Elaborating on the anomaly, the bench said even in a marriage which is void under PCMA, the girl will have to obtain a decree for dissolution of her marriage, that too before she attains the age of majority and only if the marriage has not been consummated.

In his concluding statement, Justice Gupta remarked that the PCMA is a secular Act applicable to all. It is a special Act dealing with children, the provisions of this Act will prevail over the provisions of the personal laws, insofar as children are concerned.


People in India are mostly governed by their law in the matters of marriage, divorce, succession, etc. However, one simply cannot turn a blind eye to the constitutional rights and other secular laws. They cannot be undermined or overshadowed by the personal laws of the parties. It is inevitable that personal laws should be constitutionally valid and cannot altogether override what has been enshrined in the Constitution of India. In a case involving triple talaq in 2017, the Allahabad High Court had noted that personal laws cannot override constitutional fundamental rights.[19]Personal laws cannot be constructed in a manner that they contradict the Constitution.

The Law Commission of India in its 2018 Consultation Paper on Reform of Family Law had stated that personal laws cannot be codified in a way that contradicts the Constitution and the fundamental rights enshrined in it. The Commission also asserted that codifying discriminatory customs, irrespective of how common and acceptable they may be, can lead to the crystallisation of prejudices.[20]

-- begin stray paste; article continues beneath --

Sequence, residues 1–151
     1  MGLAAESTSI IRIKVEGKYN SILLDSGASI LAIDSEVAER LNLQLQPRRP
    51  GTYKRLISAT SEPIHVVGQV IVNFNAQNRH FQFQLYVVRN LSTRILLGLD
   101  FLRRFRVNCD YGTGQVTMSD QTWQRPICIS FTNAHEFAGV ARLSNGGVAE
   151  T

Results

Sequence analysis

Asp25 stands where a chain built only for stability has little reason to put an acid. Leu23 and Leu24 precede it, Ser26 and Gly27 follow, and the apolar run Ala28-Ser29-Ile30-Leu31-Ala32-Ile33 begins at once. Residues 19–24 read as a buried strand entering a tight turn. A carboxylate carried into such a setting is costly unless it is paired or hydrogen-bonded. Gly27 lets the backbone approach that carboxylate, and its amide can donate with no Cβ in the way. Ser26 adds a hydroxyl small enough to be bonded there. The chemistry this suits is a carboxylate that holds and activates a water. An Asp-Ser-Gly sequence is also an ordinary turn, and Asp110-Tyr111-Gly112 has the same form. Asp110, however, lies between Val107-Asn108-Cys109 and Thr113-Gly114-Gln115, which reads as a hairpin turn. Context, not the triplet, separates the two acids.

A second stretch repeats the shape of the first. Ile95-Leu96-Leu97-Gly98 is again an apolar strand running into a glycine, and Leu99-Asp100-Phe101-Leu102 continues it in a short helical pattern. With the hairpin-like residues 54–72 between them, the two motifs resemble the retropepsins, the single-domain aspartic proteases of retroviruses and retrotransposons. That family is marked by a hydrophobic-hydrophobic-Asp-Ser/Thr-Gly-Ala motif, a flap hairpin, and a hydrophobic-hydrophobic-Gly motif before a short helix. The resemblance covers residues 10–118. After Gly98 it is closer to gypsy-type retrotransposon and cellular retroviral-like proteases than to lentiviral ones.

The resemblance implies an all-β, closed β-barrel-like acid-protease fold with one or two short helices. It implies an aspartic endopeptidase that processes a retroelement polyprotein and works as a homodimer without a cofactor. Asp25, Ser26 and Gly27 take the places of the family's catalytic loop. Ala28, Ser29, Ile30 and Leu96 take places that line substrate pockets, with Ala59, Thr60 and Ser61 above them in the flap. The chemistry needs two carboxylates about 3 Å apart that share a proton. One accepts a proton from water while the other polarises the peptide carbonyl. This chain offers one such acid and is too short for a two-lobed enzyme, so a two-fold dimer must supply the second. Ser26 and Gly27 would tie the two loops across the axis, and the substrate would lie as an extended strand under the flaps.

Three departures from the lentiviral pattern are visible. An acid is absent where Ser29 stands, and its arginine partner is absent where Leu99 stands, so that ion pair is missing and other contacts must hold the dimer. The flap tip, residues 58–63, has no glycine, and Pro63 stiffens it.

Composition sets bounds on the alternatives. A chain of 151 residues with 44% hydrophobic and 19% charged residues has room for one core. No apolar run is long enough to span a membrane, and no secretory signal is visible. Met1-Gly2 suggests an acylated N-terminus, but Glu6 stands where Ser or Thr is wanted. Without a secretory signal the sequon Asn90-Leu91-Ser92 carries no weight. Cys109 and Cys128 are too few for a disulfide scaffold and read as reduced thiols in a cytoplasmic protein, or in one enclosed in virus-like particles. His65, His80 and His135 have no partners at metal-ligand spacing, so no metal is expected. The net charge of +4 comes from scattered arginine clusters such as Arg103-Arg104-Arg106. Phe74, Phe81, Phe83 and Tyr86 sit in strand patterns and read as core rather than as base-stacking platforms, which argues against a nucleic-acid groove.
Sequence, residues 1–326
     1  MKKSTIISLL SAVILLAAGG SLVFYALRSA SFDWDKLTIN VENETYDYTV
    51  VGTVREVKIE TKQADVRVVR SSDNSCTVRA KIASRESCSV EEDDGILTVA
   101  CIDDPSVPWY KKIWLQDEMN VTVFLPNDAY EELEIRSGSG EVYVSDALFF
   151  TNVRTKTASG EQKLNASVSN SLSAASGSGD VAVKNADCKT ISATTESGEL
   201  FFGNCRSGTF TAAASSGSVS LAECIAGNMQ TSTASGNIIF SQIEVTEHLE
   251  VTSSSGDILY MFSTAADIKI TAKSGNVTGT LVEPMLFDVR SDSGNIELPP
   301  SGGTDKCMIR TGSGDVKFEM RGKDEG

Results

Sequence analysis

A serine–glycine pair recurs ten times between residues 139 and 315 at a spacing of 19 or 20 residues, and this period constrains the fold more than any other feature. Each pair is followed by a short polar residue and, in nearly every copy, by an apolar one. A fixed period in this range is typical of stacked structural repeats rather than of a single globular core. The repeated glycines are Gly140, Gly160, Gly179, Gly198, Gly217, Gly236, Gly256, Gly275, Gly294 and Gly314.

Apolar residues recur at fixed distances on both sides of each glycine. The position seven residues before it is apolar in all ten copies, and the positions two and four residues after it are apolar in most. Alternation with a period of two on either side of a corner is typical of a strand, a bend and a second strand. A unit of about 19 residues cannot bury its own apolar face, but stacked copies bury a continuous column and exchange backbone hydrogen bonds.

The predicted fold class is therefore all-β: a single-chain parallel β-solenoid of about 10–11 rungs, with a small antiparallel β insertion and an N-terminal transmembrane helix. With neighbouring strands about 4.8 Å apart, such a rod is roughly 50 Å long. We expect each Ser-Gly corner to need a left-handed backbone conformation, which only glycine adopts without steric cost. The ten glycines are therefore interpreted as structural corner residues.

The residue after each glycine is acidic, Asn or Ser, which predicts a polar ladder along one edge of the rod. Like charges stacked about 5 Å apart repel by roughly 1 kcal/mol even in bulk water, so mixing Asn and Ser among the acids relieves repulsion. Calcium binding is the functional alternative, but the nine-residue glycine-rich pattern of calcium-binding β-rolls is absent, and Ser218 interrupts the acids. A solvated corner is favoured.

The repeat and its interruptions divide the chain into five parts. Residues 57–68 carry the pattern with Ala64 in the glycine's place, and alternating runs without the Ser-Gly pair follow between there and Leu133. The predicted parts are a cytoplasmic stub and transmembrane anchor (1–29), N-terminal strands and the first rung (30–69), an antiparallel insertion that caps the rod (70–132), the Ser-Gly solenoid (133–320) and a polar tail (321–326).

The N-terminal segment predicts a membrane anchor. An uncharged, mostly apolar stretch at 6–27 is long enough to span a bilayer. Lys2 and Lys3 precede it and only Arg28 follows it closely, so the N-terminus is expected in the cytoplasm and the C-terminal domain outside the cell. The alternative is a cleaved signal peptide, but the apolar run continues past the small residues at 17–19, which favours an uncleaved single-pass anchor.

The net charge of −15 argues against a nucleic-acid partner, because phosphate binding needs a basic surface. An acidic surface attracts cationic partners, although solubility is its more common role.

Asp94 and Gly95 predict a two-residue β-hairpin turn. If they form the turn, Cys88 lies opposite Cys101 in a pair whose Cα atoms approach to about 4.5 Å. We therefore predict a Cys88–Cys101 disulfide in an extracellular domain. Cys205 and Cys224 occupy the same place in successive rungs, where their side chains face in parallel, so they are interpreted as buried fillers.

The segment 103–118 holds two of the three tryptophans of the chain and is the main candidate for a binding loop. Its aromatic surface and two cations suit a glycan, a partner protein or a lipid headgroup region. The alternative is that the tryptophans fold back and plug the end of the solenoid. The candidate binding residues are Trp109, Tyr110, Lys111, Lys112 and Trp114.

The Supreme Court of India in Independent Thought v. Union of India and Anr recognised that child marriage is discriminatory and constitutes a violation of women’s and girls’ constitutional rights: it limits the equal benefit of the law and denies girls life of dignity and liberty. Child marriage infringes the right to health,[21] reproductive health,[22] survival of pregnancy and childbirth, all of which are recognised as subsets of the fundamental right to life under Article 21 of the Constitution. Therefore, the contention that marriage falls into the sphere of personal law, and thus Muslim Personal Law bodies should have the liberty to deal with such issues is untenable.[23]